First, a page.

In C# chances are your code is going to just work. Unless you’re doing some really really specific things. To me this sums up C#. It shows how abandoned and old fashioned c++ is.

Mono

Thanks to Mono all this stuff isn’t bound to Windows. It kind of makes your investment in learning c# less useless.

Summary

C++ is never going to go away. It’s probably always going to be the bedrock of everything. But maybe it’s time to re-evaluate whether everything should be coded in C++ by default. Maybe it’s time to think about the future. Writing less error-prone, more future-proof code.

34 thoughts on “9 reasons why I LOVE C#

  1. To be fair, C++ is evolving very well, for your “var” we have:

    auto myvariable = GetHealth();

    and for your LINQ (which is not really LINQ what you described but just a lambda) we have:

    auto player = find_if(begin(playerList), end(playerList), [FindID](const Player& p) { return p.PlayerID == FindID; });

    Also, unless you use crappy fixed types or low-level bit trickery, 64bit is a non-issue.

    1. You are correct that the Lambda is not directly LINQ, but different Lambda functions use LINQ Query patterns internally. ‘Find’ is one of them, along with ‘Where’ and some others.

  2. There’s good news for those sticking with C++: some of these criticisms have been or are being addressed in C++.

    * No Headers: People around the Clang project, many of them Apple employees, are preparing a “Modules” proposal to get rid of header file inclusion. (Frickin’ finally…)

    * Var: C++11 repurposes the utterly useless “auto” keyword to do exactly what “var” does in C#.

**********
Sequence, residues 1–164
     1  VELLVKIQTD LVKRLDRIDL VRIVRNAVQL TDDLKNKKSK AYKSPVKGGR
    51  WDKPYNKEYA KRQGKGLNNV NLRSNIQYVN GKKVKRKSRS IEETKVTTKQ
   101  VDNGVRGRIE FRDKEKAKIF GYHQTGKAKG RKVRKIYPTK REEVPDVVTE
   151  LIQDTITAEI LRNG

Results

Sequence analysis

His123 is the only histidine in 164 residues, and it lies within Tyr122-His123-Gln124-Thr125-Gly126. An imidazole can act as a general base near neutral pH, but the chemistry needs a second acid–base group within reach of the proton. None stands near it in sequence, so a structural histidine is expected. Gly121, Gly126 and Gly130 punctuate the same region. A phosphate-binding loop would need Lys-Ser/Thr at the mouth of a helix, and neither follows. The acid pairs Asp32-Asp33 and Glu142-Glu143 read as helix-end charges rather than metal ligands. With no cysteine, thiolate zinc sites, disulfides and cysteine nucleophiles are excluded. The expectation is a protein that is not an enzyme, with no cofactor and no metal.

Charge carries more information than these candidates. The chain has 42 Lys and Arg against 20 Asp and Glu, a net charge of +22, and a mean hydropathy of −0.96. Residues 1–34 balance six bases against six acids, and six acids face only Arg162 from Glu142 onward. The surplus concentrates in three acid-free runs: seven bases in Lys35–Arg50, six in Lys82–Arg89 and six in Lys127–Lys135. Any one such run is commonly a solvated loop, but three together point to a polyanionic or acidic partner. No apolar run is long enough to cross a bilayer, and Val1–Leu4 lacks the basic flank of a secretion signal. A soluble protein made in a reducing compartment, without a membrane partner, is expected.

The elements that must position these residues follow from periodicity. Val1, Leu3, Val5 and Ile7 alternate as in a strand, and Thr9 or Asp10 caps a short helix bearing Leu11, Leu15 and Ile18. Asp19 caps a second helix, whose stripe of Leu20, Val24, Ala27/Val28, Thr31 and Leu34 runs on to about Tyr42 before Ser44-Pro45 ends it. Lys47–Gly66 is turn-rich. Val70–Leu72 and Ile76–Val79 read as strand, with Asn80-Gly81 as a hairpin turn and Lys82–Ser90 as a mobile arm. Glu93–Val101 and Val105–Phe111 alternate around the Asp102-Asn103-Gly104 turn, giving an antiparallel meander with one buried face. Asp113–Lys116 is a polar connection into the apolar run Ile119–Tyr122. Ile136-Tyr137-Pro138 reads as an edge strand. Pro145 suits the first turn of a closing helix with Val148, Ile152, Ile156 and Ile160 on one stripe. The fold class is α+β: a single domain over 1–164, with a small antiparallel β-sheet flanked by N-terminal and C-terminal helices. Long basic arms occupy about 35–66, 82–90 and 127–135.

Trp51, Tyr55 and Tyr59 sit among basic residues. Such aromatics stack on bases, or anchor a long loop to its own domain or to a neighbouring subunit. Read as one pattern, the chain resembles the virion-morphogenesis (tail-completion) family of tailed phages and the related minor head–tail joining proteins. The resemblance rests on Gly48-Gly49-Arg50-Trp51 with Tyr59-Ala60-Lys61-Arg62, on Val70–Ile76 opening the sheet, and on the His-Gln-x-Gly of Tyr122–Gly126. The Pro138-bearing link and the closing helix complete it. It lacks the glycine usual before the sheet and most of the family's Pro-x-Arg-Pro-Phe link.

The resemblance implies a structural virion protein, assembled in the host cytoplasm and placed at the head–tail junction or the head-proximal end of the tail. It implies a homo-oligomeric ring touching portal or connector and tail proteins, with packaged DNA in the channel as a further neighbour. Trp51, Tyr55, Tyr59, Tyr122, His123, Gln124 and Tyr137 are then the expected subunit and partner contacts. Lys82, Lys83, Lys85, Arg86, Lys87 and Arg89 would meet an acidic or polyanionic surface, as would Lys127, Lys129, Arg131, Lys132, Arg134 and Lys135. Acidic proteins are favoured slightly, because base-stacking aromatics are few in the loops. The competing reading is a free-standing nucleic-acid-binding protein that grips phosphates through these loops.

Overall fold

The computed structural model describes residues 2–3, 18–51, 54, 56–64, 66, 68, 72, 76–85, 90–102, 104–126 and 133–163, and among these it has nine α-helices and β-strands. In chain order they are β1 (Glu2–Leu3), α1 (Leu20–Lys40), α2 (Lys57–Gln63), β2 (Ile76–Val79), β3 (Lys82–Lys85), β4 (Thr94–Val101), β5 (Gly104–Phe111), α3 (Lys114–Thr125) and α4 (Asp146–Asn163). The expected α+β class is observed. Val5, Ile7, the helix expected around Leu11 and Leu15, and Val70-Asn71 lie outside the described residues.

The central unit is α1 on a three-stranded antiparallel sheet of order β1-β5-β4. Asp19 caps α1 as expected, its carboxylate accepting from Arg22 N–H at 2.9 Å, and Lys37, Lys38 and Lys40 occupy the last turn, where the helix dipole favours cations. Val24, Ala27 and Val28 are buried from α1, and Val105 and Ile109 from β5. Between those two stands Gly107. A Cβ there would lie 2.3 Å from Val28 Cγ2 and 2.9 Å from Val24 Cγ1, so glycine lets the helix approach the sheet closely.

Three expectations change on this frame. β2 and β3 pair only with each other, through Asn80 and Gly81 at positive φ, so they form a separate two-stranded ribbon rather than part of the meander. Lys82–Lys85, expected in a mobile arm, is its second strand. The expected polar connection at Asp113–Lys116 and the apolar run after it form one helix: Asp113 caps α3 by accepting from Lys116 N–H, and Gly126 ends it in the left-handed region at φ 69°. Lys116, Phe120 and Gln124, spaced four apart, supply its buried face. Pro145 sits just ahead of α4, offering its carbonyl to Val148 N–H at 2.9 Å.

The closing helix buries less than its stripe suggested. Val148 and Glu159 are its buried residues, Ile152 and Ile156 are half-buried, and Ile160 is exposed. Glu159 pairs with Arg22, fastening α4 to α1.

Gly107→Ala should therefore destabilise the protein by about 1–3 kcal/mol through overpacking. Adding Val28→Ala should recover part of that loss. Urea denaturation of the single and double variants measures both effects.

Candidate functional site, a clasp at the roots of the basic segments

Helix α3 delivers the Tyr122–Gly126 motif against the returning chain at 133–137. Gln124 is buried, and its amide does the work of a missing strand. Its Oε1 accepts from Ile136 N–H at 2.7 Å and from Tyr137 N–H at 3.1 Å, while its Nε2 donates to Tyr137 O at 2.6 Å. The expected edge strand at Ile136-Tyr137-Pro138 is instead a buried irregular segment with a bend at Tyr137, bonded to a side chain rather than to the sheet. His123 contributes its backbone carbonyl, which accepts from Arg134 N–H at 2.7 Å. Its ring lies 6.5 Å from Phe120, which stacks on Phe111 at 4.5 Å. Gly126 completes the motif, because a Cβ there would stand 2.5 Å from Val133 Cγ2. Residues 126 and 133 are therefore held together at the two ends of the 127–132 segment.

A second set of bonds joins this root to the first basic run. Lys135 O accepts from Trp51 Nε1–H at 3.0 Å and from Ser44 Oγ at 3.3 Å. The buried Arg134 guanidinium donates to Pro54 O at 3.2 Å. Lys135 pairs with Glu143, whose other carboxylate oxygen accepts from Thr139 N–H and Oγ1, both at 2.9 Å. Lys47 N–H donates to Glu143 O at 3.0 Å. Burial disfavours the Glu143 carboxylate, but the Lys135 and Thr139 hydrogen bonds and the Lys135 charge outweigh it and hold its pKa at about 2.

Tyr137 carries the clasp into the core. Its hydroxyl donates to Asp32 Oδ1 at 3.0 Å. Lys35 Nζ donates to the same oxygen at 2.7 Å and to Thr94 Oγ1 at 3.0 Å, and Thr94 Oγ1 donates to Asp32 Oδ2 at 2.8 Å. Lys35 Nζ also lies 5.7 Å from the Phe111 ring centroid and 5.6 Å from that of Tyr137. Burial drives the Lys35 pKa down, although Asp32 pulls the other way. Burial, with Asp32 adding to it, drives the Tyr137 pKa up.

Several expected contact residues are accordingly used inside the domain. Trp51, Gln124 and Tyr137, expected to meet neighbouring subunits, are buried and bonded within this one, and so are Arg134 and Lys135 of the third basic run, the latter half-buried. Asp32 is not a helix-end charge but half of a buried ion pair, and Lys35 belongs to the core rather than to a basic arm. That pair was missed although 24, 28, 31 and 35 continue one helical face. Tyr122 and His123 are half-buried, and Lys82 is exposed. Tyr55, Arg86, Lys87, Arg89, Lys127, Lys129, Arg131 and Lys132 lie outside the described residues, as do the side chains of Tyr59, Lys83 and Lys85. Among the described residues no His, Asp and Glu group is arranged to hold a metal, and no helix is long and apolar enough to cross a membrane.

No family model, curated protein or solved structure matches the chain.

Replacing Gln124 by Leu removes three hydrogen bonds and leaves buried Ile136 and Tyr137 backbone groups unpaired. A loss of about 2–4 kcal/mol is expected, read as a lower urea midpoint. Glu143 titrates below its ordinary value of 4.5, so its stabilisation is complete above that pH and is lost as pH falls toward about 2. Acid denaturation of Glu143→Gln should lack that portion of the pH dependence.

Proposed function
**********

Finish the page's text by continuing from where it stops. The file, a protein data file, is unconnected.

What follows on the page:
* LINQ: LINQ is effectively lambda expressions plus a bunch of extremely useful standard functions that use them. C++11 introduces lambda function support; I’m not sure how well the standard library was improved to allow their efficient usage, though.

    * Attributes: C# (and Java and many other programming languages) win this one: C++ supports pretty much zero reflective programming as it stands, so no support for attributes either.

    * No macros, templates: Can’t say much about this, of course. :D

    * Named Arguments: No progress here that I know of.

    * Interface, Abstract: C++’s support of multiple inheritance is a design specialty that was abandoned by most successors. (Eiffel still does it, and does it pretty well, from what I’ve gathered.) Like macros and templates, I can’t say much about it.

    * 64 Bit: Yup, C# is nicer here, mostly because the integer sizes are all precisely defined and the runtime hides all the bitness differences.

    * Mono: Well, you have a few platform-abstraction libraries for C and C++, but you have to know about them in advance. Mono implementing Microsoft’s .NET class library is a hell lot easier.

    So yes, C# is a lot less annoying for many day-to-day things, but for those who (have to) stick with C++, things are getting less annoying too.

    1. I’m not entirely sure how, but Unreal Engine 4 uses attributes extensively. They have a reflection system they developed for c++. I haven’t look to deeply into how it works yet, but just showing that its possible.

  3. I always thought that one of the shortcomings of C# was that you could not create a function taking optional arguments. Is this not the case anymore?

  4. I love C# so hard. I’ve been doing Android development and Java feels like a huge step backwards. (though they’re adding some things like lambdas in Java 8)